Designing Life is Strange: Dontnod’s Raoul Barbet and Michel Koch at PLAY15
During this year’s PLAY15, a creative video gaming festival, there were plenty of opportunities to speak to developers, participate in workshops and to get a glimpse at what Creative Gaming, the initiative that hosts this annual festival, does with games. Apart from playing them the way you are supposed to, the festival showcases the many ways games can be used as a tool for creativity and demonstrates what this medium has to offer. A major part of the festival that took place in Hamburg is the international PLAY Conference. Lots of interesting guests were invited to talk about games.
The focus this year was on emotions, and how they are shown, evoked or conveyed. The keynote speakers were Raoul Barbet and Michel Koch, Co-Game Directors of Life is Strange, an episodic modern adventure that has been subjects for various discussions about games and their future. In an interview the French developers from DONTNOD Entertainment talked about the fears and doubts they had while working on Life is Strange, their experiences developing the game, and how emotions in games can influence how gamers choose to interact with the medium.
The setting and its inspiration
One of the first questions asked was how emotional moments were created for Life is Strange. Barbet and Koch, both of them having worked on Remember Me, responded that inspiration came from their previous effort. They took the much vague and cruder ideas from that, whilst keeping the consequence of change, and looked to find interesting ways to play with such a feature. They wanted to stress the aforesaid features while telling a story that plays with the implications of memories and time.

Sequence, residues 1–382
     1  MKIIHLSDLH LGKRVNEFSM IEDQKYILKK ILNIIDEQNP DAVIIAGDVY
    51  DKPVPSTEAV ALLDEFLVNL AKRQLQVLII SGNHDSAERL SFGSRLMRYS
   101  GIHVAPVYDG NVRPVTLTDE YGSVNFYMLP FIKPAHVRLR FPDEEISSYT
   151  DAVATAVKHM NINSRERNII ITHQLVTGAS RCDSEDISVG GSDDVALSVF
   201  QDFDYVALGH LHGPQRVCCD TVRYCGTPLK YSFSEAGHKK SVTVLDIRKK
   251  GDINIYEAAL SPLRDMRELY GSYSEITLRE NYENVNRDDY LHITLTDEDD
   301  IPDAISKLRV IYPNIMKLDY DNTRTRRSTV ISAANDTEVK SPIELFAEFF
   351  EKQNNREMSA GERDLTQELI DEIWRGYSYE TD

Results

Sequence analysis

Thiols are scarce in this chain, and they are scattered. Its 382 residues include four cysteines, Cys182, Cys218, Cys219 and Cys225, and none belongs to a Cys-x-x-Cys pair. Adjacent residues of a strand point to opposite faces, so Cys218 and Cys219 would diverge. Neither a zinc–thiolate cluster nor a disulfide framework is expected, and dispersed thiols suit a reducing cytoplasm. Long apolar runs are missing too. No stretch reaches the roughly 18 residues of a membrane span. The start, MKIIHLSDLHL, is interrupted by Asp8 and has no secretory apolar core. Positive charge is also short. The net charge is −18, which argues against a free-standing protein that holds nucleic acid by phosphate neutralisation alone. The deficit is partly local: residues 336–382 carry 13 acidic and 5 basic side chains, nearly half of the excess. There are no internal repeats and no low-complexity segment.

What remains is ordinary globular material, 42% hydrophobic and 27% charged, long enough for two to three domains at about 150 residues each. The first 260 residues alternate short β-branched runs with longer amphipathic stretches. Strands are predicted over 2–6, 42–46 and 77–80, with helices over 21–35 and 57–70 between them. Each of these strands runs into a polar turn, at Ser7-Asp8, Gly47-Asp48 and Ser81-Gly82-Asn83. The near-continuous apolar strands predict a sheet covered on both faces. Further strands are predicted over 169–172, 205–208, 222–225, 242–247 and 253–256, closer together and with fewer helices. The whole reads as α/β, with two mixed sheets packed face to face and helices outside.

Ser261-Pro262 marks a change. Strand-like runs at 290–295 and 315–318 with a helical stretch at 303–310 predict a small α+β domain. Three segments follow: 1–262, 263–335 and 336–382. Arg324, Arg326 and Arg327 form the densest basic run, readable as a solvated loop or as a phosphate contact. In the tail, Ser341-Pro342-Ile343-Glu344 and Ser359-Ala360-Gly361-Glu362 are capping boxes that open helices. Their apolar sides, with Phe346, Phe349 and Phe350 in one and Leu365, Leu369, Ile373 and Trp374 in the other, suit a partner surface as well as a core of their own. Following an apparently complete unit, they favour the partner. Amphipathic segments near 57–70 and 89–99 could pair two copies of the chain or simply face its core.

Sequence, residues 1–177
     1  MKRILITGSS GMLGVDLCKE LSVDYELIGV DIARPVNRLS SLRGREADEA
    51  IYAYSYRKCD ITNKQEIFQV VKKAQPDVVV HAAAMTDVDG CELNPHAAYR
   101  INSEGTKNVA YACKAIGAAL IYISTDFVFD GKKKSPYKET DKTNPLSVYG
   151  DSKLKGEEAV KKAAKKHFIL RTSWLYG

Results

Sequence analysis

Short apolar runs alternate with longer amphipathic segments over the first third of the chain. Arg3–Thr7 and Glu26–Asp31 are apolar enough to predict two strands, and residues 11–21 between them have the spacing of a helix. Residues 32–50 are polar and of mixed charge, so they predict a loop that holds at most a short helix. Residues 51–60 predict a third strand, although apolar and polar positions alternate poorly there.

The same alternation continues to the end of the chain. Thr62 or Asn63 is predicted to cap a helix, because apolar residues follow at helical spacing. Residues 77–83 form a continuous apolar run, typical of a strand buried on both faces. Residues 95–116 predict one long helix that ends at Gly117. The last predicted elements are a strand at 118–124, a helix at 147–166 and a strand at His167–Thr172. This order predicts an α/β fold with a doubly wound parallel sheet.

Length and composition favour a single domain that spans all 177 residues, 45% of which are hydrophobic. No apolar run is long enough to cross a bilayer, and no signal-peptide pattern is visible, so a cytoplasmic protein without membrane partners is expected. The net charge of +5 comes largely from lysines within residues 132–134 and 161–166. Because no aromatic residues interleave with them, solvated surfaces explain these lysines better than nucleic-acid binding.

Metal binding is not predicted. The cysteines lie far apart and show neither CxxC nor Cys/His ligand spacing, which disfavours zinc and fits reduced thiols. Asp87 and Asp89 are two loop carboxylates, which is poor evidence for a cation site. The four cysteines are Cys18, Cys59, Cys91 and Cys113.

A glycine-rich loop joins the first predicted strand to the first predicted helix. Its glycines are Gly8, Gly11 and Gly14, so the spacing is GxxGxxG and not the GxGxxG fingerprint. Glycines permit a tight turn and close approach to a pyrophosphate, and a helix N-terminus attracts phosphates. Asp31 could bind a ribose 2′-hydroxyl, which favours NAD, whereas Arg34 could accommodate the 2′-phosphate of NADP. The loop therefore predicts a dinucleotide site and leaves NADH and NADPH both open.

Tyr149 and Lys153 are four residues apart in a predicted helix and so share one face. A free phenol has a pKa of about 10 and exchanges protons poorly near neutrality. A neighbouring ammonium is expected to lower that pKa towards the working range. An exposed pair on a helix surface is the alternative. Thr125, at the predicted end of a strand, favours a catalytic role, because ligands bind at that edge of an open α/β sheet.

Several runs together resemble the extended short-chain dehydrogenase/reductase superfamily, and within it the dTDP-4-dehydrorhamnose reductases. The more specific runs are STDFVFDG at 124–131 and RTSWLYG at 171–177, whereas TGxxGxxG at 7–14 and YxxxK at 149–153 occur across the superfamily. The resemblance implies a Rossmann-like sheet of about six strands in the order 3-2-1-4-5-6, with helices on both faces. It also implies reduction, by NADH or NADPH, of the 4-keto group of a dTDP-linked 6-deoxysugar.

The first obstacle they encountered was to create a character that would instill feelings of change and consequence in players. Placing the game in a High School setting was a part of this – as it is a period of intense change and decision for all people. Max embodies these decisions. She hesitates, is focused on the past (which becomes particularly evident by using the polaroid camera), but also grows up throughout the episodes, as the player is supposed to do as well. The slow pace of the game allows Dontnod to contour the past and frame the story so that no one rushes through the game without having learnt about Arcadia Bay and its inhabitants.
Another important aspect of Life is Strange is that it is episodic. Every episode emphasises something different, and it was clear from the beginning that there were going to be five episodes. The plot was written by a French writer (Jean-Luc Cano), who is responsible for the main plot and also worked on Remember Me. However, an American writer (Christian Divine) was employed afterwards to make the story more authentic and add a sense of realism regarding how people deal with feelings, how teenagers behave, and what it is like to be in high school. However, even as episodes were released, the work was not over. Barbet and Koch stated that they looked at the feedback they received, for instance in the form of Let’s Plays. According to what players liked, there were slight changes made, but the story itself remained as it was determined from the beginning.
How to deal with the devil